Much has been written about the 129th suukta of the 10th mandal of the Rig Veda. It has been given a special name too… the ‘naasadiiya suukta‘, because it begins with the words ‘naasadiiya..” Here’s one more interpretation… mine. Useful or not, it is something I wish to put into words. WordPress is a good place for that.
First lets look at an oft-quoted poetic translation, extracted from AL Basham’s book, ‘The Wonder that was India : A Study of the History and Culture of the Indian Sub-continent Before the Coming of the Muslims’. In the 1963 Edition, this translation occurs on page 249.
Then even nothingness was not, nor existence, there was no air then, nor the heavens beyond it.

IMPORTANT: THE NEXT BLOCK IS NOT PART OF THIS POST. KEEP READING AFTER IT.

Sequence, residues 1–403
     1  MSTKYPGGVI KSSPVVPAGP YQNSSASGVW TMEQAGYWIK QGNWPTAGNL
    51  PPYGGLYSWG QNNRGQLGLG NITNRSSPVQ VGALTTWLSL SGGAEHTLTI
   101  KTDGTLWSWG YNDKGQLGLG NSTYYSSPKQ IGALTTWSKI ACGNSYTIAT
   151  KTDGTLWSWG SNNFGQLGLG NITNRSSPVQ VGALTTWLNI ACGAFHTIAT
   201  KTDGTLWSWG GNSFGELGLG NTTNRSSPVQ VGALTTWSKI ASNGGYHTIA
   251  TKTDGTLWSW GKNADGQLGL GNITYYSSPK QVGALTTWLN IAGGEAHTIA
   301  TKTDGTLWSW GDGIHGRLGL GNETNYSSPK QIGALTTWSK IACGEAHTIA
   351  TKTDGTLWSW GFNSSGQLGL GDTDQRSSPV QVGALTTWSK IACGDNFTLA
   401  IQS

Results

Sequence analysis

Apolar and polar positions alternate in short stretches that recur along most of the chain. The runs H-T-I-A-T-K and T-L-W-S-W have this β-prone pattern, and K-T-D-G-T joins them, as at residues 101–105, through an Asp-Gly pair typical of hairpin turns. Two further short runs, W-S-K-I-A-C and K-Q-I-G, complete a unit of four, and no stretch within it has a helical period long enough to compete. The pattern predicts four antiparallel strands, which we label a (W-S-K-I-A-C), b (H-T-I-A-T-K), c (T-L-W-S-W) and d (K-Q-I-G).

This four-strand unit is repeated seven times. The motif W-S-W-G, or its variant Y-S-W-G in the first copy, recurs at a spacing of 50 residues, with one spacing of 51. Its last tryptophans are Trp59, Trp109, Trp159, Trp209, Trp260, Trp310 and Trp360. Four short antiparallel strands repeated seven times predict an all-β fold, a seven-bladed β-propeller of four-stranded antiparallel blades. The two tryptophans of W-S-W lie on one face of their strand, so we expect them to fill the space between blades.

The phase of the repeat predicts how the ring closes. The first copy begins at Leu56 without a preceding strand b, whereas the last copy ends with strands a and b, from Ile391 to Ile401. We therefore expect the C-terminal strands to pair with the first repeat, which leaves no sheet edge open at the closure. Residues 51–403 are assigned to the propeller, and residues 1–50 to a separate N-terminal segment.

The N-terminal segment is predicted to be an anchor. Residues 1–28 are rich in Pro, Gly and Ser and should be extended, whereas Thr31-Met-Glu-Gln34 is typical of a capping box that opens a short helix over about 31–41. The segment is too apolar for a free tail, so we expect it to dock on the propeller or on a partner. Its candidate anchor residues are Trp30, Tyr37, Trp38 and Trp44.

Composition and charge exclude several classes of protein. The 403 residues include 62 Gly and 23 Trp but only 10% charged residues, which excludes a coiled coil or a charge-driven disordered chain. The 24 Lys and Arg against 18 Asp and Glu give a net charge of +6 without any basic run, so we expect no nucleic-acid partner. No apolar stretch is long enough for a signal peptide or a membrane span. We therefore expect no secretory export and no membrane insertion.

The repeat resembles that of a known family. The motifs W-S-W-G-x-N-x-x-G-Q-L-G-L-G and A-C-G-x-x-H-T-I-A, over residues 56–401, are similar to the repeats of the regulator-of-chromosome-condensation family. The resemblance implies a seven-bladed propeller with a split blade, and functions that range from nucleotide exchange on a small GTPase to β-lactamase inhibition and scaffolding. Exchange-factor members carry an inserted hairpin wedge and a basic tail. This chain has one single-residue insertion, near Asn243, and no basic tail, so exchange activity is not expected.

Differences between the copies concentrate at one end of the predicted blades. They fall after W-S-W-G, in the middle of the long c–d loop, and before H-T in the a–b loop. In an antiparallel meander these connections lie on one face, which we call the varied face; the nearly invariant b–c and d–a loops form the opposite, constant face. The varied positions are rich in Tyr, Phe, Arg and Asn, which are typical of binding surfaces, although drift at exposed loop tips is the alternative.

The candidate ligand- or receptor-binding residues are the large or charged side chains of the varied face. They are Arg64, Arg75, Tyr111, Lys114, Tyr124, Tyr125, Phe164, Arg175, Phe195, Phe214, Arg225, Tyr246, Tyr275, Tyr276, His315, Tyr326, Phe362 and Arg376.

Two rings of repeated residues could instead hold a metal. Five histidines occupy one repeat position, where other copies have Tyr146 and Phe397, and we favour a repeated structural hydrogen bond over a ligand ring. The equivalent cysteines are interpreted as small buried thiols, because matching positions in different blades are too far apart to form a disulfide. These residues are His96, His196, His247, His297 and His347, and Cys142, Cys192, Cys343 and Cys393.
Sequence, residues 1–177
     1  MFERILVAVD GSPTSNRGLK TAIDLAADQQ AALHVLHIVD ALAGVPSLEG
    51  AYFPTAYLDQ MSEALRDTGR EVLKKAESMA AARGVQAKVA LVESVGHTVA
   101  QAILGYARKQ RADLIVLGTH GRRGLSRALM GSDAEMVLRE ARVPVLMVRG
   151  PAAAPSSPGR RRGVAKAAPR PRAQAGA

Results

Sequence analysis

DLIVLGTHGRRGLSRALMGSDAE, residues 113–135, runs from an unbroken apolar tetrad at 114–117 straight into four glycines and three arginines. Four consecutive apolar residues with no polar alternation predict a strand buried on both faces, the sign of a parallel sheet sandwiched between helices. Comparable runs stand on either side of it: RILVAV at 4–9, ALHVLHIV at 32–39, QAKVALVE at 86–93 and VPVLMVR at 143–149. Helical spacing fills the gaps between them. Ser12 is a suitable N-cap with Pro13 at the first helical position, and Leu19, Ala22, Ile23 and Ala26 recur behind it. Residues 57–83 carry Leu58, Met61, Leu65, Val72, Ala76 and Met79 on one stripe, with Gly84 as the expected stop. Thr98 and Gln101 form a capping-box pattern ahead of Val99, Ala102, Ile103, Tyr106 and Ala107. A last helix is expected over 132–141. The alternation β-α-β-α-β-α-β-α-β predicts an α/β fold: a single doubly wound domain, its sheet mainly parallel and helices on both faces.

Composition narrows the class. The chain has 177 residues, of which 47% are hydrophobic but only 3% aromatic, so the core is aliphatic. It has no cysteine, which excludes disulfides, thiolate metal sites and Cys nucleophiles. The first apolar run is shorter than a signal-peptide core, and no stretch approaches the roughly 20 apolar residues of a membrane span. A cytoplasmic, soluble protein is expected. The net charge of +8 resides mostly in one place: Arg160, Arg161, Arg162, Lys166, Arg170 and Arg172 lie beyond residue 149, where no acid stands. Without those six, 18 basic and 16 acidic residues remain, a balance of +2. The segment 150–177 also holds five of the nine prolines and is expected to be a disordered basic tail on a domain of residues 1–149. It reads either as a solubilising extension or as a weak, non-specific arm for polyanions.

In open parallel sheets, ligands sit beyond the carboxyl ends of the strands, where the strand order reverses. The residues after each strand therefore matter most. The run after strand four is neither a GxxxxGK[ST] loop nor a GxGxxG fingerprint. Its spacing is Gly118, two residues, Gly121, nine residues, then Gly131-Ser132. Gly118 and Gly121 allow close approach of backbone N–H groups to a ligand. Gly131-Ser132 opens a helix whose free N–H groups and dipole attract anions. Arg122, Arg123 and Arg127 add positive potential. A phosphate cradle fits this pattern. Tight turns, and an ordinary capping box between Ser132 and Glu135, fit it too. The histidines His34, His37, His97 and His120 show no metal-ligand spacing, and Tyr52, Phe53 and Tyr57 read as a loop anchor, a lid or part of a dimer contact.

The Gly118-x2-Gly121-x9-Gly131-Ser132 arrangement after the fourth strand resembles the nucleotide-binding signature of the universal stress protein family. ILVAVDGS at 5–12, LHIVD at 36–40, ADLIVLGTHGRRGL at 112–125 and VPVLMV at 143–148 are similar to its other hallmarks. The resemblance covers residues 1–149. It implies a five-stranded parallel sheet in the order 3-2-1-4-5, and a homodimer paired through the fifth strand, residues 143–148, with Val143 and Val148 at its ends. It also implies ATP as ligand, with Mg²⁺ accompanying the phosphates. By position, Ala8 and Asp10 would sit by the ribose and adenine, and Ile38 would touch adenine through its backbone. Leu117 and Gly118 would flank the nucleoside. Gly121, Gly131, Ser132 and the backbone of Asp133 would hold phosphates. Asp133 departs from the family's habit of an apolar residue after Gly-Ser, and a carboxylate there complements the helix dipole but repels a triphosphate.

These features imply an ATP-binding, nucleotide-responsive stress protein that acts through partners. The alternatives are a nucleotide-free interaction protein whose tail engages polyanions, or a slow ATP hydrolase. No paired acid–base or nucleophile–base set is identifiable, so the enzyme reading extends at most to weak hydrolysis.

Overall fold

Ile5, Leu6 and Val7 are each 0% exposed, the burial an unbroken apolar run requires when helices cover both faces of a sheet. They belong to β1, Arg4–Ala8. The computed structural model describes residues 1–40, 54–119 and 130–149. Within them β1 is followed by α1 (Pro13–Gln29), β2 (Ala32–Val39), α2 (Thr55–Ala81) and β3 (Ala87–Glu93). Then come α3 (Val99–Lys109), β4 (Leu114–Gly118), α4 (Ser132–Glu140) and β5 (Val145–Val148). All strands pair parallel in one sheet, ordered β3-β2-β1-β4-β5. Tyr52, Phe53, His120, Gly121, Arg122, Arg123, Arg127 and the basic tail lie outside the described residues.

What covered it, where was it, in whose keeping, was there then cosmic water, in depths unfathomed?
There there was neither death nor immortality nor was there then the torch of night and day.
The ONE breathed windlessly and self-sustaining, there was that ONE then, and there was no other.
At first there was only darkness wrapped in darkness, all this was only unillumined water.
That ONE which came to be, enclosed in nothing, arose at last, born of the power of heat.
In the beginning desire descended on it – that was the primal seed, born of the mind.
The sages who have searched their hearts with wisdom know that which is is kin to that which is not.
And they have stretched their cord across the void, and know what was above and what below.
Seminal powers made fertile mighty forces, below was strength and over it was impulse.
But, after all, who knows and who can say whence it all came and how creation happened?
The gods themselves are later than creation, so who knows truly whence it has arisen?
Whence all creation had its origin, HE whether HE fashioned it or whether HE did not,
HE, who surveys it all from highest heaven, HE knows – or maybe even HE does not know.